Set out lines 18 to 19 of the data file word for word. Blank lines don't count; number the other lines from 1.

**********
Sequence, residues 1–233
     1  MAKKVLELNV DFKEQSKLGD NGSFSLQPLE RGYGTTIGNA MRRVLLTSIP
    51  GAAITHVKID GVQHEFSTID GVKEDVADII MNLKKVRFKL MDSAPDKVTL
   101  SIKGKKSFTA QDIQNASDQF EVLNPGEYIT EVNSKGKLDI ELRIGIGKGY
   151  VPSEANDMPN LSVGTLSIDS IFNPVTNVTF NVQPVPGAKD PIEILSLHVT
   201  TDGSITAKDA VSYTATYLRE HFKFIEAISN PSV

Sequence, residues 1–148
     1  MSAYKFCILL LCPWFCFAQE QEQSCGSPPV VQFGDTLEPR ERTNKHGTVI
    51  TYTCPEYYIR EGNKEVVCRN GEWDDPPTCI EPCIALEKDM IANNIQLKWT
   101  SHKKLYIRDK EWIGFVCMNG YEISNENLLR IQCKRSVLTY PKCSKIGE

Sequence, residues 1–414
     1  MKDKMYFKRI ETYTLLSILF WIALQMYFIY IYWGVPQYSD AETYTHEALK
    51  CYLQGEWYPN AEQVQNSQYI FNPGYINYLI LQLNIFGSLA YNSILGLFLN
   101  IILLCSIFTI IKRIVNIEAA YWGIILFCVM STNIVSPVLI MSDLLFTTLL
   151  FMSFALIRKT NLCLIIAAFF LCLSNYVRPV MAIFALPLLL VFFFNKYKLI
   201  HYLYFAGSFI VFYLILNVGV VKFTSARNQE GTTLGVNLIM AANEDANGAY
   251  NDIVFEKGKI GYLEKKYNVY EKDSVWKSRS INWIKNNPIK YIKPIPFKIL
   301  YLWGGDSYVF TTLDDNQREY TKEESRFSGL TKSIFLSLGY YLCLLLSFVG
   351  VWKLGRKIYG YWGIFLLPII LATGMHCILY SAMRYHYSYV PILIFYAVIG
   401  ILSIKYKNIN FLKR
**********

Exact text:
   301  YLWGGDSYVF TTLDDNQREY TKEESRFSGL TKSIFLSLGY YLCLLLSFVG
   351  VWKLGRKIYG YWGIFLLPII LATGMHCILY SAMRYHYSYV PILIFYAVIG